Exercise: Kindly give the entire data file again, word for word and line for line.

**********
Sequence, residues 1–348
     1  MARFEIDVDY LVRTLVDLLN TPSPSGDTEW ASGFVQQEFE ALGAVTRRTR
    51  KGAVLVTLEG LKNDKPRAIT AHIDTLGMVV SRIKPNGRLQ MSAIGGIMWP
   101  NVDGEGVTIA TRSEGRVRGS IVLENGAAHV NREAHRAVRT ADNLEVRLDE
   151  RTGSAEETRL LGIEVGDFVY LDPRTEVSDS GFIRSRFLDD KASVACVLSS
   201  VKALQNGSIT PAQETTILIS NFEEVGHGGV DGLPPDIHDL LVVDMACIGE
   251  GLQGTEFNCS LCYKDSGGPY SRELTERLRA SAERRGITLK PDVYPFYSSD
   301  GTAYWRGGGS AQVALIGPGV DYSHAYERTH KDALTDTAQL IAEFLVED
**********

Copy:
Sequence, residues 1–348
     1  MARFEIDVDY LVRTLVDLLN TPSPSGDTEW ASGFVQQEFE ALGAVTRRTR
    51  KGAVLVTLEG LKNDKPRAIT AHIDTLGMVV SRIKPNGRLQ MSAIGGIMWP
   101  NVDGEGVTIA TRSEGRVRGS IVLENGAAHV NREAHRAVRT ADNLEVRLDE
   151  RTGSAEETRL LGIEVGDFVY LDPRTEVSDS GFIRSRFLDD KASVACVLSS
   201  VKALQNGSIT PAQETTILIS NFEEVGHGGV DGLPPDIHDL LVVDMACIGE
   251  GLQGTEFNCS LCYKDSGGPY SRELTERLRA SAERRGITLK PDVYPFYSSD
   301  GTAYWRGGGS AQVALIGPGV DYSHAYERTH KDALTDTAQL IAEFLVED